The ceremony, then beyond my linguistic and cultural knowledge, was mystifying. By way of a young, unmarried man, the Samoan hosts made a ceremonial presentation of some club‑like kava roots to our orator, to be divided among our group. Because our orator took hold of a large number of roots—50 to 60—he politely included certain of the hosts in this distribution: the ranking chief of their village, the Faipule (a leader), and their pastor. A chorus of thanks and appreciation went to the orator for the respect shown to all. Some remaining roots were handed back to be pounded outside in a hollowed out stone, but that was just show; as usual, the host politely announced that kava had already been prepared.
The taupou (village virgin) sat at the kava bowl wearing a large feather headdress and a fine pandanus leaf mat wrapped around her coconut-oiled body. She was pure enough to mix the kava with the water in the traditional method using coconut hemp in a carved wooden bowl. After brief consultations to determine the order of service, they called out each kava-drinking name for the important people of our group, which was different from one’s Christian and chiefly title name, if any. For each, the taupou scooped kava into a coconut shell cup and handed it to an adolescent boy, who then served it with one hand behind his back.
In real village-to-village meetings all names, positions, and histories would be ascertained in advance, but the caller made up names for us unknown volunteers. Most were funny, such as Rambo, Crook, and Fisherman on the Mountain. Everyone would laugh at once except us smiling PCVs, our heads bent for trainers’ whispered interpretations before issuing the slightly smaller laugh of missed timing.
They called my name and I took the kava from the shirtless, barefoot boy. It looked like brown, dirty water, and I drank it. After a short time, it gave a slightly numbing, energizing feeling to the mouth and body, as if a gentle caffeine-Novocain concoction.
By November 20th the sporadic hot water in the hotel had given me a chance to get used to cold showers that were to be the norm for over two years. My body and mind were invigorated and ready for the introduction to Samoan language class led by Fagalele (Fung‑a‑lay‑lay), a Samoan man in his late 20s, little older than me. My two co‑trainees were Shelby and Scott (S‑k‑o‑t). The session was very interesting and Fagalele’s English was good. All Samoans speak a Polynesian dialect and many speak English as well, especially in the small national capital, Apia. Their literacy rate is ninety percent. It was quite a challenge for us to say even rudimentary phrases in this non‑western language, especially with new letter sounds, e.g., Pago Pago, where each “g” is pronounced “ng” as in song, thus, “Pango Pango.” I did not have the advantage of already knowing a foreign language.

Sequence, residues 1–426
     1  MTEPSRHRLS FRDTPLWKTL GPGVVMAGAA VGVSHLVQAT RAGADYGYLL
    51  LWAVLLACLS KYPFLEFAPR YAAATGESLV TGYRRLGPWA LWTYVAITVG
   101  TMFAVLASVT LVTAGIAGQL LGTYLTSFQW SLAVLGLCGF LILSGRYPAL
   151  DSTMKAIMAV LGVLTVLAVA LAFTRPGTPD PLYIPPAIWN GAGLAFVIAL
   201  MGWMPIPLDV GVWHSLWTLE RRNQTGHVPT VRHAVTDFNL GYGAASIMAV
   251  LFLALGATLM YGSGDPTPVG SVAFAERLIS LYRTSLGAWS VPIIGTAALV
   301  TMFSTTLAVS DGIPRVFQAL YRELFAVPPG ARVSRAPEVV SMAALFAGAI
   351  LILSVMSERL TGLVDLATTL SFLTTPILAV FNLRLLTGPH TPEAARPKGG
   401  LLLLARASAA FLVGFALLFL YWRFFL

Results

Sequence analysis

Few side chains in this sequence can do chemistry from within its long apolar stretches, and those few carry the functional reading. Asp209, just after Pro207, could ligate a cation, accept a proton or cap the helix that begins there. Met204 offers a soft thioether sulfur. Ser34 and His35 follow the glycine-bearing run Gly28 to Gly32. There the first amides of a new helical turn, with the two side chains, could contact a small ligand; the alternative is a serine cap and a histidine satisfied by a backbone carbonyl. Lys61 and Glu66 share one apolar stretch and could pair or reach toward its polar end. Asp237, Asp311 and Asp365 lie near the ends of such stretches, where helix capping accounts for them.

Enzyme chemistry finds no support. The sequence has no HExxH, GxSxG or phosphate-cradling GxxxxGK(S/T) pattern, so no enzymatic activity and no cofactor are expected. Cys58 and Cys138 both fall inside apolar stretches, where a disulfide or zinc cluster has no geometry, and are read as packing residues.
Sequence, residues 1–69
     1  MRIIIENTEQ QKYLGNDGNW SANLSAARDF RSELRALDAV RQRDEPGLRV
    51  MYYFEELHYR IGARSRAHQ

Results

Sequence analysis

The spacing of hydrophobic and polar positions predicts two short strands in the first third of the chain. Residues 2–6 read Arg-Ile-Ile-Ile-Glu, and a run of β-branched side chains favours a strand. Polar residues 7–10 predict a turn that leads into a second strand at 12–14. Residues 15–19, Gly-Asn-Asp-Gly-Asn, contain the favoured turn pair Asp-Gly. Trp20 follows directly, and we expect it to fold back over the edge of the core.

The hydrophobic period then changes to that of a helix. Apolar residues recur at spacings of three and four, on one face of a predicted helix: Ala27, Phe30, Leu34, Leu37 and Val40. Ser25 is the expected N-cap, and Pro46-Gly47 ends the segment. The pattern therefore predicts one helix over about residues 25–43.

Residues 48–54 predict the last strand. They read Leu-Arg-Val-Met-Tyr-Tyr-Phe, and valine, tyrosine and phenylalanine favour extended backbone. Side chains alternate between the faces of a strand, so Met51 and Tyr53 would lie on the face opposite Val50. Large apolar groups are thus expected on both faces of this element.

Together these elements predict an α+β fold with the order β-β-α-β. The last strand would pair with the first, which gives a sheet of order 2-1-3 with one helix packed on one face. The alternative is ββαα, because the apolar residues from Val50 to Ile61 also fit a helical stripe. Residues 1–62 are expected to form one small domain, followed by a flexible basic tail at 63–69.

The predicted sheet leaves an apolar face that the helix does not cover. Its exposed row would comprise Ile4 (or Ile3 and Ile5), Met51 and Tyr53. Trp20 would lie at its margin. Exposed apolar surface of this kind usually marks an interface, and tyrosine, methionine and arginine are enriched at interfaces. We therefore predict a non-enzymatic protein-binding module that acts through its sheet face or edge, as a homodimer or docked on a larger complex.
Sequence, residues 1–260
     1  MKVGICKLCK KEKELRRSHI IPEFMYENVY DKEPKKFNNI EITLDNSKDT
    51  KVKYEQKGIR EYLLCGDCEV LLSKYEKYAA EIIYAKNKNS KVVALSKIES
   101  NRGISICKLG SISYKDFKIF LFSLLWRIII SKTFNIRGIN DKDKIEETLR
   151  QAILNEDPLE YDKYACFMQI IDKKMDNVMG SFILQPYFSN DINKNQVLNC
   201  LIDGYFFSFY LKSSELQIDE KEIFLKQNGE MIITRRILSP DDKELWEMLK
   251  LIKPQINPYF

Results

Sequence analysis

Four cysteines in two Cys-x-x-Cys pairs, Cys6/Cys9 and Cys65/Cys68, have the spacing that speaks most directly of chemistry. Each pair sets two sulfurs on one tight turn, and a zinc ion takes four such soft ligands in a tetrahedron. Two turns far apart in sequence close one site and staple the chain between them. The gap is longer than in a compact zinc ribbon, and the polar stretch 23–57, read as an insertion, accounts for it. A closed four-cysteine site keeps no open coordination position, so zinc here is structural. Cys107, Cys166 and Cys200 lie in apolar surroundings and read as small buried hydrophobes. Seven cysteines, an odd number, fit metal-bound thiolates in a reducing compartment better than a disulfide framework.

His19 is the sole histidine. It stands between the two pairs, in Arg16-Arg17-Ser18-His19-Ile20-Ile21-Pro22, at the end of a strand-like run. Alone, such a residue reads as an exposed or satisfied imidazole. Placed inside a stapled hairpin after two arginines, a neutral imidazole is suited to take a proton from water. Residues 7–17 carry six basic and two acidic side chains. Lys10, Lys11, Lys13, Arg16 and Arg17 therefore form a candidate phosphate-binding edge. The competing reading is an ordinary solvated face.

We broke for tea, hot and sweet and accompanied by biscuits (cookies—I’d learn a number of British and Australian terms and phrases, too). Tea was big over here due to New Zealand influence. We then had an introduction to Samoan culture, values, and social behavior. Sue, Mark, Bob, and I were with two Samoan trainers. Mostly we asked questions and discussed the answers. The phrase faifai le mu (“fie fie lay moo”) means do it easy. A co-trainee joked that, in French, it meant doing the cow.
Entering the hotel restaurant that evening I spotted fifteen different foods spread on buffet tables. Before I could get some on my plate, a waiter approached me. He requested that I leave. I was inappropriately dressed in the casual style lava lava, a rectangular piece of bright patterned cloth that you wrap around your waist like a sarong. The acceptable lava lava was the formal type--solid in color with pockets. Western attire was fine there too, and so I changed and returned, hungry for more.
Post dinner, Mark, Mary, and I left for a local store to buy beer for our in-room mini-refrigerator. We ran into Andrew and Pete, “Group 39" volunteers. Each annual or semi‑annual PCV group is numbered consecutively and we were group 42—“The Summers of 42,” I called it. Andrew was the current refrigeration instructor whom I was to replace. He seemed quiet and confident and I hoped I could fill his sandals. We were to spend a weekend together at his place toward the end of training to pass the torch. Perhaps I would need an off‑road motorbike like he did, and could likewise secure permission to get one from the Peace Corps Country Director. As a matter of policy, permission to get a motorbike was strictly required, and if caught riding without a helmet, you would immediately be kicked out of the Peace Corps—too many volunteer casualties. I looked forward to our work-site visits; mine would be at the Western Samoa Technical Institute, tomorrow.